In 2000, Benjamin de Rothschild purchased the 62-foot long Elf Aquitaine and founded the professional sailing team Gitana Team, walking in the footsteps of the family tradition but eventually expanding it to multihull sailboats. The team's first trimaran was the Gitana IX (former Elf Aquitaine), followed by the Gitana X, entirely developed by the team. The Gitana 11 won the Route du Rhum in 2006.

In 2015, the team mounted foiling dagger boards and T-rudders on a Multi One Design 70ft to make it "fly" over water, after a decision a year earlier to build a new, state-of-the-art yacht. On 17 July 2017, the 32×23-meter Maxi Edmond de Rothschild (Gitana 17) was introduced, the offshore racing's first maxi-multihull designed to fly in the open ocean. It was decorated by the street artist Cleon Peterson. The Maxi won the 48th edition of the Rolex Fastnet Race in August 2019, breaking the record set in 2011 by Loïck Peyron (Banque Populaire V) and the Brest Atlantiques in December 2019 (skippers Charles Caudrelier and Franck Cammas for both races).




Baroness Julie de Rothschild was the daughter of Anselm Salomon von Rothschild and Charlotte von Rothschild. She was heiress of patriarch Mayer Amschel Rothschild (1744-1812), the founder of the banking dynasty. She has a love of water and boating.

The Baroness becomes the first of the Rothschilds' to sail her own boat, which she christened: 'Gitana.' The monohull was launched on the 21st of September 1876. In so doing, Julie de Rothschild created a legend.

1879 - 20 KNOTS (37 KM/H)

In the quest for more speed, 'Gitana' was fitted with a steam engine, the aim being to attain 50kph. But that goal was never fully achieved. It was though enough to earn the baroness the title of “fastest yachting lady in the world”, with a speed of 20.5 knots (38kph) on Lake Geneva. The cruising speed of the boat was said to be around 18 knots (33kph).

On 3 April 1879, Gitana confirmed her 20.5 knot world speed record in a race against the Winkelried, a boat belonging to the Compagnie Générale de Navigation.

1898 - 26 KNOTS (48 KM/H)

Not content with 20,5 knots, the lady speedace launched Gitana II. With this vessel the Baroness proved her mettle once again, recording a new speed record in her first year of sailing, in 1898. This record was also set on Lake Geneva, between Coppet and Saint-Pres, covering a distance of 27,643 metres, starting at the south-west end of the lake on a line defined by the Coppet clock tower and the top of the Dôle.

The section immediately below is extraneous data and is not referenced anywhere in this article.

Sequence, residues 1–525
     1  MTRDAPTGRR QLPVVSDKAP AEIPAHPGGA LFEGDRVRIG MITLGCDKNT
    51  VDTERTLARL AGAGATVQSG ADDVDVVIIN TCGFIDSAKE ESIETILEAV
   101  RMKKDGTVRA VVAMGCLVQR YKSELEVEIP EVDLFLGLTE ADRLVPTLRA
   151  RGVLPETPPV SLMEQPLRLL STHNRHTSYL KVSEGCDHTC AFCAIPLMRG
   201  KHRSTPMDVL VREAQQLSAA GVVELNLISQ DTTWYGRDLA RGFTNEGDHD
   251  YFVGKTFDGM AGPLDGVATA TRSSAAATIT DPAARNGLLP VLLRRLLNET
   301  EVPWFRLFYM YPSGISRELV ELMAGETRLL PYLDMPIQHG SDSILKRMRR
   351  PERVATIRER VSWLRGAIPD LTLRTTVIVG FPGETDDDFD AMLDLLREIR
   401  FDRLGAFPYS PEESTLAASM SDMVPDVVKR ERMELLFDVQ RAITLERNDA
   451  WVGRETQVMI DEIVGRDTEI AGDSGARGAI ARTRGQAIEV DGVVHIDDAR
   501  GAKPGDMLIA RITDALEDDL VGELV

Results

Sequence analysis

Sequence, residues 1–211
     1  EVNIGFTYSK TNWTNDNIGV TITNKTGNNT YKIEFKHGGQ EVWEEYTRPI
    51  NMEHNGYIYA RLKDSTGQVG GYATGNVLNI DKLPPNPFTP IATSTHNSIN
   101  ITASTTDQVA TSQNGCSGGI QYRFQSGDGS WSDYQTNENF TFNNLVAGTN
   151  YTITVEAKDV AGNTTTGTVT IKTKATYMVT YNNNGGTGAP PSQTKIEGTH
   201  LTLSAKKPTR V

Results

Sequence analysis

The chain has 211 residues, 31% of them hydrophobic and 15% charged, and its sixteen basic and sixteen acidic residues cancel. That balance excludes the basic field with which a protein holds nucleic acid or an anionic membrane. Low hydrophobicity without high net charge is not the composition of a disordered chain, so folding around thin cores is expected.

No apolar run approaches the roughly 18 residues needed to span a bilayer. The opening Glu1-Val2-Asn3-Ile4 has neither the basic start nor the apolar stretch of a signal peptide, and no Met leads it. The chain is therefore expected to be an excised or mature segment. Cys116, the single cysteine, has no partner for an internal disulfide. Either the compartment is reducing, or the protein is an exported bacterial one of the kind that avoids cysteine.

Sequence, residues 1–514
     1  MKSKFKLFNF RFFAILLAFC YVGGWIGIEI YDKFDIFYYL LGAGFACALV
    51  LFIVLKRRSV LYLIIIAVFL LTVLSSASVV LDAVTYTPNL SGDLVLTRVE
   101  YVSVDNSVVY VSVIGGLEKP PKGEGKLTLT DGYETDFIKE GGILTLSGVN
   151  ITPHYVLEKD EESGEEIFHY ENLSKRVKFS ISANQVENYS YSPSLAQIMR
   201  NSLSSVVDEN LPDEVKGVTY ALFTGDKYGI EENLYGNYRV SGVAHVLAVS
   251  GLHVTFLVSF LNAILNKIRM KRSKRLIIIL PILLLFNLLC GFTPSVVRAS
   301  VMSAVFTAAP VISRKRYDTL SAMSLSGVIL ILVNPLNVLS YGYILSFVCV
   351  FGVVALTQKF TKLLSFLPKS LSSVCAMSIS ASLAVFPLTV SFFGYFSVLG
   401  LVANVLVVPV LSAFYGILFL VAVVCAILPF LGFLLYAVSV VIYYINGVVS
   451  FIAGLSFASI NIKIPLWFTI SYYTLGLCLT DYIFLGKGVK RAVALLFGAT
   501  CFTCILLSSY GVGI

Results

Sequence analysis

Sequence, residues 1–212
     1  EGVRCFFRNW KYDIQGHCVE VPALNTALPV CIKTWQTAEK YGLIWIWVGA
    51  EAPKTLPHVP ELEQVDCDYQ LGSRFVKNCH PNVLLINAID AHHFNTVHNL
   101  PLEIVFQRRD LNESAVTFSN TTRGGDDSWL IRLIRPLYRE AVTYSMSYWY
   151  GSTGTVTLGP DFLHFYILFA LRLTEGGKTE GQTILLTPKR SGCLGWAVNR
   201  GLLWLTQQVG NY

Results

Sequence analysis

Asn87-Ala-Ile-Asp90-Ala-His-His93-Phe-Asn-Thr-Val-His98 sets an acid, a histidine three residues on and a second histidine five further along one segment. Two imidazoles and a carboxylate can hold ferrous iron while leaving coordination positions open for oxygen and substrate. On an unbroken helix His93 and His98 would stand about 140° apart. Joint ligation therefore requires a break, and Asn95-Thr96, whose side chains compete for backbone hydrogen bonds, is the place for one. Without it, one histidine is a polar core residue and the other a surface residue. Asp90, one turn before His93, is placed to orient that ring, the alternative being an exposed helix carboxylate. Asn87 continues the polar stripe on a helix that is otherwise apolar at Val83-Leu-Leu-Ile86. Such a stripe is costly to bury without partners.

The finish to the north-east was marked by the end of the wharf at Saint-Prex, near Morges. She completed this speed trial fully laden, including 3.5 tons of fossil fuel coal. The time on her outward run was 34 minutes and 12 seconds; 34 minutes and 36 seconds on the return. Average speed was 26.34 knots or 48.215kph.

Lake Geneva was favoured by a number of motor boating enthusiasts, including Sir Malcolm Campbell, where he raced his Bluebird K3, powered by a Rolls Royce V12 Merlin engine.






Charles Caudrelier

Franck Cammas





2017 – Francis Joyon / IDEC SPORT (31.5m) – 40:23:30:30 (3 attempts) current record holder
2012 – Loïck Peyron / Banque Populaire V (40m) – 45:13:42:53
2010 – Franck Cammas / Groupama 3 (31.5m) – 48:07:44:52 (4 attempts)
2005 – Bruno Peyron / Orange II (36.8m) – 50:16:20:04 (6 attempts)
2004 – Olivier De Kersauson / Geronimo (33.8m) – 63:13:59:46
2002 – Bruno Peyron / Orange (32.8m) – 64:08:37:24
1997 – Olivier De Kersauson / Sport-Elec (27.3m) – 71:14:22:08 (5 attempts)
1994 – Peter Blake, Robin Knox-Johnston / Enza New Zealand (28m) – 74:22:17:22 (2 attempts)
1993 – Bruno Peyron / Commodore Explorer (28m) – 79:06:15:56




2025 - Alexia Barrier / The Famous Project - CIC and IDEC

2023 - Charles Caudrelier & Franck Cammason / 2nd attempt - Maxi Edmond de Rothschild

2021 - Charles Caudrelier / Gitana Team 1st attempt - Maxi Edmond de Rothschild & Franck Cammas
2020 - Thomas Coville / Sodebo Ultim 3 1st attempt - foiling trimaran
2019, 2015 - Yann Guichard / 3 attempts
2015 - Dona Bertarelli & Yann Guichard / 1 attempt
2011 - Pascal Bidégorry / 1st attempt
2003 - Ellen MacArthur / 1 attempt
1998 - Tracy Edwards / 1 attempt






SODEBO: Another giant flying trimaran, falling foul of rudder problems, during their outing in December 2020, when they quite sensibly called time-out.






Musée de la Marine
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The father of sceince fiction, Jules Verne